The unpredictable nature of a key environmental resource (e.g., moisture) is often viewed as a major variable that guides economic decision-making and the form of the social organization required to implement adaptive strategies that will ensure the survival of the population. Several authors have recently argued that environment characterized by higher uncertainty (e.g., risk of crop failure) will exhibit a greater tempo of changing organizational forms and an overall higher levels of organizational complexity. (Ladefoged 1995; Graves and Ladefoged 1995; Dunnell 1999; Ladefoged and Graves 2000; Kirch 2000; Hammon 2001; Hunt and Lipo 2001). In these high-risk environments the construction of chiefly sponsored monumental architecture can suppress population numbers to below critical levels. Energy that could be expended on increasing agricultural production, thereby leading to increases in population levels, is diverted into "wasteful" activities, such as monumental construction.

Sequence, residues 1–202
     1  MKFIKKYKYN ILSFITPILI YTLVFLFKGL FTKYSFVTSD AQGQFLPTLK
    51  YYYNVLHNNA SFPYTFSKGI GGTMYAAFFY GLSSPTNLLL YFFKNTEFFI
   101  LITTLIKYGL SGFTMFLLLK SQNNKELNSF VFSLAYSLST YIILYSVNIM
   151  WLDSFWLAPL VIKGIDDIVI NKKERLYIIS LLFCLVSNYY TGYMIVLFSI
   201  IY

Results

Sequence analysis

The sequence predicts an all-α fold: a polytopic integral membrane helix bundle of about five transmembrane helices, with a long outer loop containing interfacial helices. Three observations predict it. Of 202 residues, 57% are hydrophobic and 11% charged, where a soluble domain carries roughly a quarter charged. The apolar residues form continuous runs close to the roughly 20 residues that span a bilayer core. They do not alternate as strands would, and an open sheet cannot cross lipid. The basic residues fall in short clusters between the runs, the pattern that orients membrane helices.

Stevenson, Christopher M.; Ladefoged, Thegn; and Haoa, Sonia
"Productive Strategies in an Uncertain Environment: Prehistoric Agriculture on Easter Island,"
Rapa Nui Journal: Journal of the Easter Island Foundation: Vol. 16
, Article 4.
Available at: https://kahualike.manoa.hawaii.edu/rnj/vol16/iss1/4